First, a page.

Theater Review: Mac-Haydn hits all the right notes in ‘Carousel’

“Carousel” is a Maine chowder: popular tunes, operatic elements, romance, comedy, ballet, sentimenta

“Carousel” is a Maine chowder: popular tunes, operatic elements, romance, comedy, ballet, sentimentality, Freudianism and metaphysics. And, after 66 years, this Rodgers & Hammerstein musical remains a draw, so Mac-Haydn has wisely chosen to make this offering a three-week run to satisfy the public appetite. Once again, the company serves it up just right.

Under John Saunders’ confident direction of this mighty challenge, the production goes full steam ahead, taking the book (based on a Ferenc Molnar play from 1909) at face value and not blinking in Act 2’s abrupt tonal shift.

The show starts with a pantomime (“The Carousel Waltz”) for the entire company. As your eyes flit from character to character, you’ll see the beginnings of the plot line. Millworker Julie (Alison Drew) and the young barker, Billy (John Grieco) spot each other across a crowded amusement park. Imperious Mrs. Mullin (Lauren French), the carousel’s owner, starts a ruckus. Young people flirt. And the residents of this small town on the coast of Maine display their joy in life’s simple pleasures.


WHERE: Mac-Haydn Theatre, Route 203, Chatham

WHEN: Through Sept. 4

HOW MUCH: $30-$28; children under 12, $12

MORE INFO: 392-9292,

Troubled young man

Later, Julie and her co-worker, Carrie (Victoria Broadhurst), linger on a park bench. “You’re a Queer One, Julie Jordan” is the upstanding Carrie’s way of describing Julie’s restless spirit, and here we see that Julie’s burgeoning interest in bad boy Billy mirrors Billy’s desire to walk on the wild side with his no-good friend Jigger (Joshua Phan-Gruber). After Carrie leaves, the fated lovers play a fascinating cat-and-mouse game that culminates in “If I Loved You.”

Soon, however, their marriage disintegrates. Billy continues to make bad choices, and when an attempted robbery goes wrong, he commits suicide, leaving pregnant Julie to be comforted by her cousin, Nettie (Monica Wemitt), with “You’ll Never Walk Alone.”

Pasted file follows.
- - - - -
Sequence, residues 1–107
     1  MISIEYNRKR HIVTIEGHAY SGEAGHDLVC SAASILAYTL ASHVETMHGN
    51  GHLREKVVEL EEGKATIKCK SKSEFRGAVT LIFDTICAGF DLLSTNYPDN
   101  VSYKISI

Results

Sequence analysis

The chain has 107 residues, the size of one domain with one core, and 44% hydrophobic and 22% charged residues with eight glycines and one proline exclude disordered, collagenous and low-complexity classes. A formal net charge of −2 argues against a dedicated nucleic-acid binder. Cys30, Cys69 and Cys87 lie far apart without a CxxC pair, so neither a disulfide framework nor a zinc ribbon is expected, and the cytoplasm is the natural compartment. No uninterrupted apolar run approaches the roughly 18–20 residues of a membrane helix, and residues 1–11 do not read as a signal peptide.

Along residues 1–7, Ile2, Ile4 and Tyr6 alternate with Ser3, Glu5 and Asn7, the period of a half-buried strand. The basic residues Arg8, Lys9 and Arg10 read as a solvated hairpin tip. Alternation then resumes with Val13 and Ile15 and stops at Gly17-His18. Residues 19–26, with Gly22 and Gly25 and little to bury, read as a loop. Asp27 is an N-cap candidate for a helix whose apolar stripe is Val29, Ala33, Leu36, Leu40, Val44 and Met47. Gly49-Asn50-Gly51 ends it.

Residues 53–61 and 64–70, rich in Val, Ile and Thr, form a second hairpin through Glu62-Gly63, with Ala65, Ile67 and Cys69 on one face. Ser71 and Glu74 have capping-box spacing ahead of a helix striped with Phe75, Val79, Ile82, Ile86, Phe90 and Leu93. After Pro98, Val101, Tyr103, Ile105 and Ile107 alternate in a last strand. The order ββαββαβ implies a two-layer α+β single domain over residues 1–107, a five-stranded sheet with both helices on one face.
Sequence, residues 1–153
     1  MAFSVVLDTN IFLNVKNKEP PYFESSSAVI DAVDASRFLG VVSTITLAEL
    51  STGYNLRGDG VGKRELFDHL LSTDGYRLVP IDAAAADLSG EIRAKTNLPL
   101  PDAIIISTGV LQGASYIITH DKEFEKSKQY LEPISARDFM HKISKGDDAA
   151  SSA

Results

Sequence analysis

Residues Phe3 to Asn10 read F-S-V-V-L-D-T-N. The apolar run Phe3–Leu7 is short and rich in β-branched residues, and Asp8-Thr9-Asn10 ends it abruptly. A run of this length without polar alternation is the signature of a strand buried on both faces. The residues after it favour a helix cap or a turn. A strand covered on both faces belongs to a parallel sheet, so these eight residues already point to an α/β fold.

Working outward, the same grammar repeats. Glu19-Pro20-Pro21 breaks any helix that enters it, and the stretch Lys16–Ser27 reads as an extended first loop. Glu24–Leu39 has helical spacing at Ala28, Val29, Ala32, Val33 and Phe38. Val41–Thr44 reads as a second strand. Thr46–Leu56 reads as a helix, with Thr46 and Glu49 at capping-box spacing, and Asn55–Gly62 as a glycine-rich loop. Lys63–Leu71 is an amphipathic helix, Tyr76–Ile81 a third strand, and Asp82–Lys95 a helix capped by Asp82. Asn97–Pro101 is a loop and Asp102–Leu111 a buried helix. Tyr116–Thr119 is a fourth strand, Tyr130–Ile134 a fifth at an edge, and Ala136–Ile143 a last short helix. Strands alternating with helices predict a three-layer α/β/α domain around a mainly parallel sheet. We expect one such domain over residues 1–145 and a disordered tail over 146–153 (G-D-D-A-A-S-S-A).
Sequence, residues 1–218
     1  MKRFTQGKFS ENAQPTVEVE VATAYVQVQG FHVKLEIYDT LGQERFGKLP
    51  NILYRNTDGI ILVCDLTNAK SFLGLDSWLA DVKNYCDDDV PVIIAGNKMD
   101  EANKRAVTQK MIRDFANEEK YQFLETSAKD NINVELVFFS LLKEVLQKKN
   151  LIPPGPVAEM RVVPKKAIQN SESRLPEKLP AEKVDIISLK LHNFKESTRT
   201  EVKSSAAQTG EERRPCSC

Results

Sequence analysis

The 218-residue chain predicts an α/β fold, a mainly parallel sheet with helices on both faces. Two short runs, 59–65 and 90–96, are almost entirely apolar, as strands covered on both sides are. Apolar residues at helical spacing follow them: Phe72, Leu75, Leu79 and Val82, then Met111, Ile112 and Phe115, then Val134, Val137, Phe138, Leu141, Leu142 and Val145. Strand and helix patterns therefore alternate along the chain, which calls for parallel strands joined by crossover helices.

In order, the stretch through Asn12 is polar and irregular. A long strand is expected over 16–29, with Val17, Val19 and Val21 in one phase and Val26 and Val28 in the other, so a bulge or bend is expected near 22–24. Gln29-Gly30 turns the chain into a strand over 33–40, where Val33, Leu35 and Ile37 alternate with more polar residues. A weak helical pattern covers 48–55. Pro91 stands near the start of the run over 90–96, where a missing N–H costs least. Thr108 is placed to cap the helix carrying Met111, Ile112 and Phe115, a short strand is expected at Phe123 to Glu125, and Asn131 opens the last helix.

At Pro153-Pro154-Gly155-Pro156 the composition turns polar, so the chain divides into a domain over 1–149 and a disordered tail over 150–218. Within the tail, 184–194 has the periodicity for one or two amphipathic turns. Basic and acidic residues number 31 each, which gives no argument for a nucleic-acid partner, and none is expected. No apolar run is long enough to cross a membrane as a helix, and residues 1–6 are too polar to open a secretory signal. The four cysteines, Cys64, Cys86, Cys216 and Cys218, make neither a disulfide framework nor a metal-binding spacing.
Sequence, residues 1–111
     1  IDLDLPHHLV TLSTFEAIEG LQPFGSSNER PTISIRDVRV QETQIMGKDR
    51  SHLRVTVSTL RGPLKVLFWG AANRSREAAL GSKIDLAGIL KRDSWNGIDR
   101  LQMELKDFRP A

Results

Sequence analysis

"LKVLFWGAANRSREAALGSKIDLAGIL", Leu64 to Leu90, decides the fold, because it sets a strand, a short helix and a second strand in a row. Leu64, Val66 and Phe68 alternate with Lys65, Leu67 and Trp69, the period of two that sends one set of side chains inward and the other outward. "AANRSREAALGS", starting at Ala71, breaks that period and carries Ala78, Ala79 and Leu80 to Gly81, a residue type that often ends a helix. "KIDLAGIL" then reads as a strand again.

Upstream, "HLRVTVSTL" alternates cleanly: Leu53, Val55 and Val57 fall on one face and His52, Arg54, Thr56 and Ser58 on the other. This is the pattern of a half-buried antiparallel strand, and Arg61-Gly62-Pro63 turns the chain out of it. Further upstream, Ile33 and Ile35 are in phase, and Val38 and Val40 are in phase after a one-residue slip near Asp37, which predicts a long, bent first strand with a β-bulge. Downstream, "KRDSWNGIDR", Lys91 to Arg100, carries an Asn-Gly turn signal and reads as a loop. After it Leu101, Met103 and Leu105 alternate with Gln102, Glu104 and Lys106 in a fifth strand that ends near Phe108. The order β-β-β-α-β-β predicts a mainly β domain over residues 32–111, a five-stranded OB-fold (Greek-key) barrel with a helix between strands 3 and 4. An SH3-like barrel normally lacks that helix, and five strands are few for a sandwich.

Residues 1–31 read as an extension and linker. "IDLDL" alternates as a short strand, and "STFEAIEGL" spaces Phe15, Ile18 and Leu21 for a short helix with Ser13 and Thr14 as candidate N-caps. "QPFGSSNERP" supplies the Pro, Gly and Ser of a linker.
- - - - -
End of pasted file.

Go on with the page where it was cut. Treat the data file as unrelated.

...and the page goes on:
But Billy’s journey isn’t finished: He is allowed by the Starkeeper (Ron Tal) to return to Earth, where he sees the teenage daughter, Louise (Amanda Myers), he never knew in life. After an encounter with her and Julie, which yet again goes wrong, the show ends in a bittersweet fashion.

Whew. And I haven’t even mentioned the subplot involving Carrie and Mr. Snow (Kevin Kelly). Or the extended ballet between Louise and Carnival Boy (Charles South).

Choreographer Kelly L. Shook and director Saunders, supported by musical director Kevin Finn, keep the large cast flowing. The ensemble delivers the goods in such numbers as “June Is Bustin’ Out All Over,” “Hornpipe” and “Real Nice Clambake.” Special mention must be made of the work of Myers and South. A nod to Amelia Millar as Arminy. French makes jealous Mrs. Mullin a frightening scold. Phan-Gruber credibly walks the fine line between appealing and malevolent. Broadhurst and Kelly provide comic relief and superb vocals. Tal’s Starkeeper is ironically, and amusingly, down to earth. And Wemitt never pushes. She’s a force of nature in “June . . .,” and she lets “You’ll Never Walk Alone” speak for itself.

Holding the center

About Drew and Grieco not enough can be said. Each believably creates a troubled soul, wishing for something more but not sure what that is. Their extended Act 1 scene is moving, both dramatically and musically, and his treatment of the famous “Soliloquy” hits all the marks. Despite the activity swirling around them, they remain the center of the piece, and they hold that center.

In 1991, Kander & Ebb wrote the show “And the World Goes ’Round.” Years before Rodgers & Hammerstein knew that it does indeed.

Categories: Entertainment, Life and Arts

Leave a Reply